POINT REYES STATION, Calif. — The Marin Agricultural Land Trust (MALT) announced that it collaborated with several local agencies in contributing part of the matching funds crucial to the Marin Resource Conservation District (RCD) being awarded a $1 million grant from the California Coastal Conservancy. The funding from this grant will help to plan, design and implement carbon farming projects that aim to improve soil productivity, water infiltration, biological diversity and increase greenhouse gas sequestration on ranches in western Marin County.
MALT contributed $100,000 of the $560,000 in matching funds that the Marin RCD secured from a broad collection of sources, including the County of Marin, California Department of Food and Agriculture, the California Wildlife Conservation Board, Conservation Corps North Bay, Point Blue and their Students and Teachers Restoring A Watershed (STRAW) program, federal funding and county funding, including from Marin’s Measure A quarter-cent sales tax.
“This marks a new era for agriculture in West Marin,” said Nancy Scolari, executive director of the Marin RCD. “Thirteen years ago, we funded a small experiment to test carbon farming techniques to fight climate change. Now, carbon farming projects are the primary way we are achieving our mission of conservation and protection of the environment and contributing toward achieving the goals of the county’s Climate Action Plan.”
In announcing the new $1 million grant, the California Coastal Conservancy said, “The project will enhance regional agricultural sustainability, climate resiliency, adaptability and inclusivity by expanding the existing Carbon Farming Program in Marin County and by providing hands-on carbon farming and agricultural training to disadvantaged and disenfranchised communities.”
Grant Award the Result of Collective Action
With required matching funds from other sources, Marin RCD’s actual financing for the California Coastal Conservancy grant totals $1,560,000. The largest source of matching funds was $225,000 from Marin County’s Measure A quarter-cent sales tax, from which the Marin RCD receives an allocation of one percent of the total, currently earmarked specifically for projects on ranches that have agricultural conservation easements. A ballot measure on Measure A renewal is scheduled for June of 2022.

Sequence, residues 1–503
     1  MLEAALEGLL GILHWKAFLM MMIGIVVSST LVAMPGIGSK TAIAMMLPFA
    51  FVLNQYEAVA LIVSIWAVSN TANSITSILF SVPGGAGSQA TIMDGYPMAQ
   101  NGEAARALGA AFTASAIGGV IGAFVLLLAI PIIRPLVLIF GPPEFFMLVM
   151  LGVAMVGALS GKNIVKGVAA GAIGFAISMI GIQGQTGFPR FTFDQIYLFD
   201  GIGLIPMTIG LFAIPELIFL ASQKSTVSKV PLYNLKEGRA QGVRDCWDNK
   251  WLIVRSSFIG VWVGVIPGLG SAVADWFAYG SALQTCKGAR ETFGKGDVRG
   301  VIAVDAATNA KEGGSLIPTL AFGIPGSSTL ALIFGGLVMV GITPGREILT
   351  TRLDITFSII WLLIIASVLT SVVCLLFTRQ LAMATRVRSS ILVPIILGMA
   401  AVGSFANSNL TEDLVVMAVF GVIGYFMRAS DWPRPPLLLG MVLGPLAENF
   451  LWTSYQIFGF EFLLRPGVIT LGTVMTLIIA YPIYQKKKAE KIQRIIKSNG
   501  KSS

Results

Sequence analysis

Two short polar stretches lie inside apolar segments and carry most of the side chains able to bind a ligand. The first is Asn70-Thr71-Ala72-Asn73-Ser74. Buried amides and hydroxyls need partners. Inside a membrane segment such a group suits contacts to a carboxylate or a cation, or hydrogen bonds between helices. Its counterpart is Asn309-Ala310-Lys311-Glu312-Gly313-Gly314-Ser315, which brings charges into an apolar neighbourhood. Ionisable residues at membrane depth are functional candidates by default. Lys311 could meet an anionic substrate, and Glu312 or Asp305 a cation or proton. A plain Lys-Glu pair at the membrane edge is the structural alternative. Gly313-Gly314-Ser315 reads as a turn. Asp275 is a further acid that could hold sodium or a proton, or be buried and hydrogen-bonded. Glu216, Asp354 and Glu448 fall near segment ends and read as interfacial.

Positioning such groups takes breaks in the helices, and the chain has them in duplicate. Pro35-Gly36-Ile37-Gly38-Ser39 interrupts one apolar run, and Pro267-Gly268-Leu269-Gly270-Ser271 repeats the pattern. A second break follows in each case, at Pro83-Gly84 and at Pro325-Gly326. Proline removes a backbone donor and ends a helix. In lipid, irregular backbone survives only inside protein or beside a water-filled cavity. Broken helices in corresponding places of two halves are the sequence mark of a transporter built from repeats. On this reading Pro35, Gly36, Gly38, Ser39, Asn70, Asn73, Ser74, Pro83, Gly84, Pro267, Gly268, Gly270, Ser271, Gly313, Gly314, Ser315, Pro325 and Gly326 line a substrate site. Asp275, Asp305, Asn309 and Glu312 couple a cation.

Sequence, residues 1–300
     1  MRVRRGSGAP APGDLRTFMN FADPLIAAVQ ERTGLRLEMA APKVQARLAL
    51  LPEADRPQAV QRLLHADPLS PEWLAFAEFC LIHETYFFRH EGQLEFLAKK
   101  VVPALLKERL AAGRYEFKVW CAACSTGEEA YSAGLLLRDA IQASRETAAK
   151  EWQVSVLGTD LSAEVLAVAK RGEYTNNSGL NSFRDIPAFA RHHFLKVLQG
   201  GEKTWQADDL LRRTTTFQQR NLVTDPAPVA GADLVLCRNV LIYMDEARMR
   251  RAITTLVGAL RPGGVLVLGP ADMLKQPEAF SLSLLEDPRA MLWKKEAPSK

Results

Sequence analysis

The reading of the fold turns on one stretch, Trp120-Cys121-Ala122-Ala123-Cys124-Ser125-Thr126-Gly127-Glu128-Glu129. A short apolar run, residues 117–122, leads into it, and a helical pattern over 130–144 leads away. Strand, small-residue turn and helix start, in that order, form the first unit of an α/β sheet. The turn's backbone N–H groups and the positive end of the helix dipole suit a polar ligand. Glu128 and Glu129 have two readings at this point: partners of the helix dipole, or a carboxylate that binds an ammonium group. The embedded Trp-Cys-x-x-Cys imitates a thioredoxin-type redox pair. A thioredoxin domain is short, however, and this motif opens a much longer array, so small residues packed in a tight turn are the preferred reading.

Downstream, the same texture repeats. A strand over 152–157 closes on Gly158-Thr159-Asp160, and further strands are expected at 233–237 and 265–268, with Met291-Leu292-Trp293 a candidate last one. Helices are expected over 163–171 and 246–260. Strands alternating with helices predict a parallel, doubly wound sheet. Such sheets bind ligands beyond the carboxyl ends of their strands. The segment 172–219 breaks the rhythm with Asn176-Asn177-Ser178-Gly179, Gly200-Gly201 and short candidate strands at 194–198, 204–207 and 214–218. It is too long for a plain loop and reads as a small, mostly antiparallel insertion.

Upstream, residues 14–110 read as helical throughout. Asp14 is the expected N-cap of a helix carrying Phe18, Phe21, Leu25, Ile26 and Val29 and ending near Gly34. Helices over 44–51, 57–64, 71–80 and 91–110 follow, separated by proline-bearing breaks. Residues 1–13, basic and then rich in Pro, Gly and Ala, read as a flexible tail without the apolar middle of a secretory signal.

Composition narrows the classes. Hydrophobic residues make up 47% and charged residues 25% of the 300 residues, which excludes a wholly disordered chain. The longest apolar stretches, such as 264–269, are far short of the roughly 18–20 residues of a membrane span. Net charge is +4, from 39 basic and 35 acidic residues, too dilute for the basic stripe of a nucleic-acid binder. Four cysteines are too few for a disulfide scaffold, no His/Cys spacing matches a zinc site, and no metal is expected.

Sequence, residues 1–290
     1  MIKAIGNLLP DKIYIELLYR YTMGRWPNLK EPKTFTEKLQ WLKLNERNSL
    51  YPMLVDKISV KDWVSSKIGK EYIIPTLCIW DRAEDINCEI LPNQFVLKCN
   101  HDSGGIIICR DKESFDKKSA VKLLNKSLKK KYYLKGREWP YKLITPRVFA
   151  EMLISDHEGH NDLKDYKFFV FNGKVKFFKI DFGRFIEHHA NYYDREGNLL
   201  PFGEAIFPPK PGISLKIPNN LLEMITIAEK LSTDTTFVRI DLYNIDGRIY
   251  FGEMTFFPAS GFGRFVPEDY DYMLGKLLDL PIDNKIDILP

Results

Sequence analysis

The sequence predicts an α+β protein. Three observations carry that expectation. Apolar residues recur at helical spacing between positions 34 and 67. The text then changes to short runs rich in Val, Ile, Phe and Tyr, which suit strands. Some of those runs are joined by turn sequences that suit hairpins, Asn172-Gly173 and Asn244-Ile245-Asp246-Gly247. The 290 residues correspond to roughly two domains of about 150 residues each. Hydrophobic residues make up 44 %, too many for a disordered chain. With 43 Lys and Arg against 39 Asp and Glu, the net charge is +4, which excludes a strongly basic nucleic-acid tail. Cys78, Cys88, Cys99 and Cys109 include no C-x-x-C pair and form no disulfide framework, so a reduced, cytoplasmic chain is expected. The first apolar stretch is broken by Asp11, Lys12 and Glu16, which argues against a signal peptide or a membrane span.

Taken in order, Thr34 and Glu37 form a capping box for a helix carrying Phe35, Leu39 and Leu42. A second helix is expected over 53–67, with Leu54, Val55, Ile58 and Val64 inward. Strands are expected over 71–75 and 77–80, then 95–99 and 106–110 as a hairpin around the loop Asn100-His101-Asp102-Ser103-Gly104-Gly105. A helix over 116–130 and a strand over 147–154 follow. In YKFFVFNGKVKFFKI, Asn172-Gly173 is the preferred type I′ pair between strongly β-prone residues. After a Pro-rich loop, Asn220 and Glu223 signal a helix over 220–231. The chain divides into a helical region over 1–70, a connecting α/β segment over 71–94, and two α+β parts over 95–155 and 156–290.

In its written recommendation for awarding the grant, the Coastal Conservancy called out as a benefit MALT’s ability to monitor carbon-farming progress at participating ranches protected by MALT agricultural conservation easements.
According to Eric Rubenstahl, MALT’s stewardship and easements manager, MALT will not benefit financially from its partnership with the Marin RCD in the grant. The point, he said, is to “leverage the grant so that our agricultural producers, our community and the landscape all benefit.”
In 2008, the Marin RCD helped found the Marin Carbon Project (MCP), a countywide collaboration that MALT also helped initiate, along with the University of California, Berkeley, University of California Cooperative Extension (UCCE), the USDA Natural Resources Conservation Service (NRCS), the Carbon Cycle Institute and others.
In addition, the Marin RCD runs its own Carbon Farming Program that provides financial and technical assistance to farmers and ranchers for the planning, design and implementation of carbon farming — beneficial practices that capture and hold carbon in vegetation and soils to help mitigate the effects of greenhouse gas emissions. Carbon farming helps farmers and ranchers adapt to existing and future climate impacts through practices that enable soil to hold more water, thus improving drought resilience, while increasing biodiversity and the health of the entire watershed.
Marin Agricultural Land Trust is a nonprofit organization created in 1980 to permanently preserve Marin County farmland and establish Marin County as a thriving and inclusive agricultural community in a healthy and diverse natural environment. Some of the Bay Area’s most highly acclaimed dairy and meat products and organic crops are produced on farmland protected by MALT, which totals more than 54,000 acres. To learn more about MALT, visit malt.org.
–Marin Agricultural Land Trust